Announced and launched on Wednesday, the new version of mobile search promises to offer “all the information you need in a simpler format that’s beautiful and easy to use”.
Google says the new version will load automatically when a fast connection isn’t available.
Here’s Google’s image of the new version in action:
New Google Patent Reveals TV Spoiler-Blocking Technology
Still haven’t finished watching Breaking Bad? You’ll be pleased to know Google has your interests at heart – the company has just been granted a patent to block television and film ‘spoilers’.
According to The Telegraph, the system “would hinge on users regularly logging their progress through a TV series or movie, which could be achieved by linking the tool with streaming services like Netflix”.
But if you’re expecting an end to ruined storylines, we’re going to have to spoil it for you – Google has made it clear that this isn’t necessarily going to be incorporated into search, or any other product for that matter.
A spokesman for the company, quoted by The Telegraph, said:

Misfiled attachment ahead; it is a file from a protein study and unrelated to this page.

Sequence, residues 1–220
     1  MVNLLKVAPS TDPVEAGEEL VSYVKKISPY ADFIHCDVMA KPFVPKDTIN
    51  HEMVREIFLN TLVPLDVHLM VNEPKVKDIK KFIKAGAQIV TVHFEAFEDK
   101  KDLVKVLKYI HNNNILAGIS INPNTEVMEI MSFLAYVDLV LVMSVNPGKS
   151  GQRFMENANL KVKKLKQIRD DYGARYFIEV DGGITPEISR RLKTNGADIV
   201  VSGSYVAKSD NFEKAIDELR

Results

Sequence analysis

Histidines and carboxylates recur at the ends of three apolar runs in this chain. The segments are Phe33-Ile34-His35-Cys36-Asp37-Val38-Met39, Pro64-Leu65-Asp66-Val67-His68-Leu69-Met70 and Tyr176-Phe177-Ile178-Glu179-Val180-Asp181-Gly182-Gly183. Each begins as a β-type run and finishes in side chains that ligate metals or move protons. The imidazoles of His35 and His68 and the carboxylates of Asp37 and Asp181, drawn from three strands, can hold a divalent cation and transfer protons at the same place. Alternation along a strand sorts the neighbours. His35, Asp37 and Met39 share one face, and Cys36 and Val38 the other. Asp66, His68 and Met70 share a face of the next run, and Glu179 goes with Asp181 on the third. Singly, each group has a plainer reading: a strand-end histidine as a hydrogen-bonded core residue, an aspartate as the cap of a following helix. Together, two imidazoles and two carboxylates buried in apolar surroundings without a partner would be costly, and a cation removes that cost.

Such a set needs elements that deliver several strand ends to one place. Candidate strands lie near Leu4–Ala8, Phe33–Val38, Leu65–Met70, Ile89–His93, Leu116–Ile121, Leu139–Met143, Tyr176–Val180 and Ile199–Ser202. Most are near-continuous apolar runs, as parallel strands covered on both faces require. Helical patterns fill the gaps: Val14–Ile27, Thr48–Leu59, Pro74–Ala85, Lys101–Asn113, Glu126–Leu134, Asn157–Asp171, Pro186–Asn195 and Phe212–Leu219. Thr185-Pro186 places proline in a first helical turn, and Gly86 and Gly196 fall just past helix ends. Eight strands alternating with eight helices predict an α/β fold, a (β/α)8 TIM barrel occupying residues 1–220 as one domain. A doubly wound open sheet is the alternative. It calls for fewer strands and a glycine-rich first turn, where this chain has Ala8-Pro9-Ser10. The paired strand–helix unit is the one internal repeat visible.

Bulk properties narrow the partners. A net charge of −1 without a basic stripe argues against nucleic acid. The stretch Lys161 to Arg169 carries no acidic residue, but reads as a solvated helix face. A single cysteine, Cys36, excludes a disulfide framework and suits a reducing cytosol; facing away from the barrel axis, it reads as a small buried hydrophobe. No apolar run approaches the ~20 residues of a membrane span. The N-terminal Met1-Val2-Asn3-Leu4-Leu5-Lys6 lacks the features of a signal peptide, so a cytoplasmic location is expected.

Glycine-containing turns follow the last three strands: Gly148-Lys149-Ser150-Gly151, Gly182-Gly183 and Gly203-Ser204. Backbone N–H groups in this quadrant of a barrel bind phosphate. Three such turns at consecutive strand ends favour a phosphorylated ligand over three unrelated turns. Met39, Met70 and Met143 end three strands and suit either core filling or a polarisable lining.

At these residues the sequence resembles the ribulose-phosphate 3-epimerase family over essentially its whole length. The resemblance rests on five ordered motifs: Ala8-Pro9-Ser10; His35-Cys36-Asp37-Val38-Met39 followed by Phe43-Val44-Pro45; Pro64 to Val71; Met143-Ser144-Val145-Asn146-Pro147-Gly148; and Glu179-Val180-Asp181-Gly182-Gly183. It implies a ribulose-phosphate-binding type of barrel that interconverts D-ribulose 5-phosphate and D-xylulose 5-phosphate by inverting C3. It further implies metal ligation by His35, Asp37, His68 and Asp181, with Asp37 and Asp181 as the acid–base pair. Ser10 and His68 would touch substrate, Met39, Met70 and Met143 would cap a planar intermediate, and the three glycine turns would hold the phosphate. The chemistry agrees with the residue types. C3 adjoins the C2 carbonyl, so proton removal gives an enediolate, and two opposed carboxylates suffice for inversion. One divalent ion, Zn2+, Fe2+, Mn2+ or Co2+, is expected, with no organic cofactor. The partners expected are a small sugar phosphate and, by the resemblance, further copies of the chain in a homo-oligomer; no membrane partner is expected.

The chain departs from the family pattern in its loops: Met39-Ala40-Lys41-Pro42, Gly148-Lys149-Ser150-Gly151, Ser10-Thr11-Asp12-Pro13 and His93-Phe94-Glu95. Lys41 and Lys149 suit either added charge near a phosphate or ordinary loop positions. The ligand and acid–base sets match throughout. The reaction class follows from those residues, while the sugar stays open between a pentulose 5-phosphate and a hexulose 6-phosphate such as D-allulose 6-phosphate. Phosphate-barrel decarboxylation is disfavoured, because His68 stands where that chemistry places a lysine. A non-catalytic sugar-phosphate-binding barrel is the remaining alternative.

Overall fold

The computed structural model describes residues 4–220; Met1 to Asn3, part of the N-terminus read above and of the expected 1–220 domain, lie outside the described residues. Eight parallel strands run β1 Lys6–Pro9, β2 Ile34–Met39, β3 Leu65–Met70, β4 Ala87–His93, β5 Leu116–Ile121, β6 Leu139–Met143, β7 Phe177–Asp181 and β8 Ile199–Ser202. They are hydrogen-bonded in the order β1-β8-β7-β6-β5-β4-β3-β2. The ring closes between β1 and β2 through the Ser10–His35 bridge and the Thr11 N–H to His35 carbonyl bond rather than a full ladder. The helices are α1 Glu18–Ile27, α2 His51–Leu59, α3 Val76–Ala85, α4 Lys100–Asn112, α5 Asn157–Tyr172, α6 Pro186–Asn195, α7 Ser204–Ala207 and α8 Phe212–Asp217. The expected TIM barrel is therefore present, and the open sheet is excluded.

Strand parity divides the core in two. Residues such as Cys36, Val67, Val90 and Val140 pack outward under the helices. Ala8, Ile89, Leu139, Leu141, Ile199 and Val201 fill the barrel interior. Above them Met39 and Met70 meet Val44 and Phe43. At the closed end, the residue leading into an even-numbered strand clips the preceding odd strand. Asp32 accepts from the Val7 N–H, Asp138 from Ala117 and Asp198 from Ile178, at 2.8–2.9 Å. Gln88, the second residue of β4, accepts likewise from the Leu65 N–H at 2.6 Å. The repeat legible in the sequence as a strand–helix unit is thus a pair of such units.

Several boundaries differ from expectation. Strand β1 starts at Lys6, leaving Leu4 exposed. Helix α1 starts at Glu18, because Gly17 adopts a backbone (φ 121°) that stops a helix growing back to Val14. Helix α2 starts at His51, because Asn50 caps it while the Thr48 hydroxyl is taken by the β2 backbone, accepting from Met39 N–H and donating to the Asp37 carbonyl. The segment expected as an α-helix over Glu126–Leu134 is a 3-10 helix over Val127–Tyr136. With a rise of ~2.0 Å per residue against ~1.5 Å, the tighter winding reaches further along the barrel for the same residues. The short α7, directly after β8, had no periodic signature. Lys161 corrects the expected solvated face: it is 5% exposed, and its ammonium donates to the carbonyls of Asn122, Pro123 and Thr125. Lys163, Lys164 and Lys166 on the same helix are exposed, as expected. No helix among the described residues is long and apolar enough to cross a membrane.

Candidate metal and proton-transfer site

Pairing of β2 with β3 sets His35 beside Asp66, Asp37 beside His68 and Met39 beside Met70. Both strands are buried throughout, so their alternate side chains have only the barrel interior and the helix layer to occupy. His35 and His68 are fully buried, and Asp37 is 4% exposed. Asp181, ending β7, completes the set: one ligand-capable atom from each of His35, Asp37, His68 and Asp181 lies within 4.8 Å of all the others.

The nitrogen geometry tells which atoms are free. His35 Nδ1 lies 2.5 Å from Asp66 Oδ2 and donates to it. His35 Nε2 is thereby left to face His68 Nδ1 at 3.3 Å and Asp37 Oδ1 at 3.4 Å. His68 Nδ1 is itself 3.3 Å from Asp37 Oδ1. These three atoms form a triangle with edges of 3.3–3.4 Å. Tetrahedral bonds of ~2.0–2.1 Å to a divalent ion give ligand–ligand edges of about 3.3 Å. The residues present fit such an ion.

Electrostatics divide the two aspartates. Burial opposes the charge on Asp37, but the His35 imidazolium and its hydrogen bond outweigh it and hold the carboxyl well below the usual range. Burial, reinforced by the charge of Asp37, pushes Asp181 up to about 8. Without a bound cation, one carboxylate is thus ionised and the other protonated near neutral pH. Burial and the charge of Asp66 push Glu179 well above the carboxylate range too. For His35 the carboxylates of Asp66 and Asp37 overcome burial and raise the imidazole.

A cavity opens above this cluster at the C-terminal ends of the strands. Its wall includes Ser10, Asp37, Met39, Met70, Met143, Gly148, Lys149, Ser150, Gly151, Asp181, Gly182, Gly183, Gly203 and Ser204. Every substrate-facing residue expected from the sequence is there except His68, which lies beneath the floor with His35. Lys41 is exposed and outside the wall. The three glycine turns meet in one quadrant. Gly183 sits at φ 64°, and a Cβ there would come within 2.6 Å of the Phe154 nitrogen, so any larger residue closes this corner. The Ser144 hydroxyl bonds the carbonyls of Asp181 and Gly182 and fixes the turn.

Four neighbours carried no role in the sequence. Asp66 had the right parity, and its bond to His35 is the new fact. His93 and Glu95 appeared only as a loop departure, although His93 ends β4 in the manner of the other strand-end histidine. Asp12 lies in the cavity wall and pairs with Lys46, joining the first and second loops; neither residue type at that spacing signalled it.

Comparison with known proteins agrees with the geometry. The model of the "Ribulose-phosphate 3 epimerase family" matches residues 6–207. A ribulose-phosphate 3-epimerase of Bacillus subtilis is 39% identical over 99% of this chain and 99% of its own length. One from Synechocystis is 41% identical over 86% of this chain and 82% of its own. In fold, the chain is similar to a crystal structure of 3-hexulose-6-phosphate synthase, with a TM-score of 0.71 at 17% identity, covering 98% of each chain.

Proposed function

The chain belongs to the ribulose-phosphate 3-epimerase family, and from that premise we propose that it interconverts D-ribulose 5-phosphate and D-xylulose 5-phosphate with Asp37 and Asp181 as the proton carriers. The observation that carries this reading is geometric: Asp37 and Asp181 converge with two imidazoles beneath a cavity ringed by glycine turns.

We hold patents on a variety of ideas, some of those ideas later mature into real products or services, some don’t.
Google No Longer Highlighting In-Depth Articles in Search Results
Google has dropped preferential labelling for in-depth articles from its search results pages.
Previously, in-depth articles were marked in search with a headline, and each result featured an accompanying image. Now, as SEL reports, both features have been dropped, making the articles appear more-or-less as normal organic results.
The only element left highlighting the in-depth articles is a grey horizontal rule, as illustrated here:
Google told SEL that the change was made as part of an ongoing effort to streamline search results.
DuckDuckGo Launches More Instant Answers
DuckDuckGo has added new Instant Answers for online education courses, nearby parking, and UV risks.
In its monthly ‘friends’ newsletter, emailed last week, the privacy-oriented search engine said it had launched “many new Instant Answers developed by our community”. However, it only provided examples of the three query types mentioned above.
Here’s an example of the Instant Answers provided for the query [parking near radio city music hall]: